Fit for Life

Building Confidence, Connection, and Mental Health

Fit for Life

A few months ago, a hurting young boy I'll call Ben came to the Ranch. Ben was largely nonverbal and hadn't been to school since 2018. He spent his first two weeks at the Ranch refusing to leave his room. As he became more comfortable with his surroundings and the people caring for him, he started venturing out of his room, and after a few more weeks, he was able to go into the dining center and sit with staff. He didn't eat there that day, but we all celebrated the courage it took him to leave the cottage and be in a big space with other people.

Fast forward to July...three other high-energy Ranch boys have taken Ben under their wing. He struggles to keep up with them, but yesterday they taught him how to play Gaga Ball and Volleyball. Each boy let Ben score a few times, and one of them patiently taught him how to serve a volleyball. Through it all, they encouraged him, laughed with him, and included him. While getting the exercise they need, these young boys are also learning and practicing empathy and kindness.

The science backs up what we see every day at the Ranch, that wellness and physical activity are essential to mental health and healing.

"We know that physical activity is healthy and that lack of physical activity is a risk factor for depression and anxiety," said Dr. Wayne Martinsen, Psychiatrist and Medical Director at Dakota Boys and Girls Ranch. "For adults, physical activity (20 minutes a day, five days a week, at an intensity that makes is slightly difficult to carry on a conversation) is as effective for the treatment of depression and anxiety as typical antidepressant medications."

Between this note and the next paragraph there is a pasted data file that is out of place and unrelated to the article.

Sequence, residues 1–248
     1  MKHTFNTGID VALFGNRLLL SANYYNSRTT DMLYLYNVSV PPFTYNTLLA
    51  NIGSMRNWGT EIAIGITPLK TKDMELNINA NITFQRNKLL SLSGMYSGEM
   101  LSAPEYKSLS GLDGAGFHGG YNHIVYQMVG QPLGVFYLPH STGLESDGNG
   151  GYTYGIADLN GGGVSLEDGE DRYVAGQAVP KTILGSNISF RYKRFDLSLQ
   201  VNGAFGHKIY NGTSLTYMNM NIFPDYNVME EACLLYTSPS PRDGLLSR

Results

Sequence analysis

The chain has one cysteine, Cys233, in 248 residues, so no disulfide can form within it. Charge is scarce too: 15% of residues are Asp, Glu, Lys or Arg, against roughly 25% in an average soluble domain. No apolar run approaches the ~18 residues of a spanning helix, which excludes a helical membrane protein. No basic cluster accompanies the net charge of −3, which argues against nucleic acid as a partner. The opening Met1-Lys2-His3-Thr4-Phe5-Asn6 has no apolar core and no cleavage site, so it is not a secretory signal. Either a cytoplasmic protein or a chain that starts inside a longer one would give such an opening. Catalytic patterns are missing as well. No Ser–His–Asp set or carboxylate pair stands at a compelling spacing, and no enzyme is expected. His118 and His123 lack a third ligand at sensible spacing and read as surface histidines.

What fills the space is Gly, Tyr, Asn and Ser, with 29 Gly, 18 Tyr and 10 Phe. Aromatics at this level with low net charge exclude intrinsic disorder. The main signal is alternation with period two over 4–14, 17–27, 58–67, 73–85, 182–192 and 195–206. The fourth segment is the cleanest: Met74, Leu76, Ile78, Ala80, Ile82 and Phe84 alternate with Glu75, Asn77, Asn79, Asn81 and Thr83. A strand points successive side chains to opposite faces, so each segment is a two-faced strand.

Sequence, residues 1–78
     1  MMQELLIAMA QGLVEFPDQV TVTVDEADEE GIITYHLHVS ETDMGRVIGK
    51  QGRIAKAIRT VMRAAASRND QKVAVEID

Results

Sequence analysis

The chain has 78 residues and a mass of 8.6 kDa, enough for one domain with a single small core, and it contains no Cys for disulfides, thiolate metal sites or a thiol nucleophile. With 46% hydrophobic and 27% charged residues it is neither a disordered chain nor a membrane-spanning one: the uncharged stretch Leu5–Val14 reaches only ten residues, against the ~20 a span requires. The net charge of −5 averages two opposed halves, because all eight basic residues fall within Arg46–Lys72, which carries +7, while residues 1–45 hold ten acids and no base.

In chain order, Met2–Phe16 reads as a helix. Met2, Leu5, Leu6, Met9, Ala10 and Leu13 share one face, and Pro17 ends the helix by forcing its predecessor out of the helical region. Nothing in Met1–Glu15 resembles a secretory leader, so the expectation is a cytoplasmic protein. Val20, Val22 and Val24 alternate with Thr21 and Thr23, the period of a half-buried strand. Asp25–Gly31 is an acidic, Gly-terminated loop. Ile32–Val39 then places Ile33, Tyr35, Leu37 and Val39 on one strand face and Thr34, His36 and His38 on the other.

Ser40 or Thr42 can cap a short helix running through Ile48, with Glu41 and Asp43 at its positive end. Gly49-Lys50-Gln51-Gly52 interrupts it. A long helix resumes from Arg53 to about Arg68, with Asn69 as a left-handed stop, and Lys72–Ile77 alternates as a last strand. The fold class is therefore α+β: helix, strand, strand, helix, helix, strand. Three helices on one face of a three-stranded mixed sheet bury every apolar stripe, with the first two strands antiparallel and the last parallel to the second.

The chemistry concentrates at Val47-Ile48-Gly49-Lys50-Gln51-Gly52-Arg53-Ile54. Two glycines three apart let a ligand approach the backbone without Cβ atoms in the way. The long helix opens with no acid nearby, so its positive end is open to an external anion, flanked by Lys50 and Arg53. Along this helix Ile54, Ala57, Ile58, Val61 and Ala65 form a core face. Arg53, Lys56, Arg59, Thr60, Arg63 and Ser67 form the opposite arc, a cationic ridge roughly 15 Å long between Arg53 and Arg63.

While there isn't as much research on the impact of exercise on depression in adolescents, an analysis of data from several medical databases published in JAMA Pediatrics concludes that regular exercise for children over age 13 can lead to a reduction in depression symptoms. The Centers for Disease Control and Prevention (CDC) recommends 60 minutes of exercise per day for children ages 6-17.

Dr. Martinsen, who is pursuing certification from the American College of Lifestyle Medicine, encourages his patients to address all six pillars of well-being (exercise, nutrition, sleep, stress, risky behavior reduction, and social connection).

The Wellness Coordinators and Physical Education teachers at the Ranch address these pillars of well-being by getting kids active, teaching them healthy eating habits, providing social connection through group activities and games, and helping them find activities they can enjoy not only while they are at the Ranch, but throughout their lives.

And they all believe wholeheartedly that physical activity and mental health go hand-in-hand.

Christian Kjelland

Wellness Coordinator, Fargo

When Christian Kjelland applied for a job at the Ranch 20 years ago, he wasn't looking for a way to make a difference.

"I was just looking for a job and saw a Ranch booth at a job fair," Christian said. "I could relate to the mission of helping kids who are struggling because I was that kid. I was working here probably three months before I realized I could be part of something big."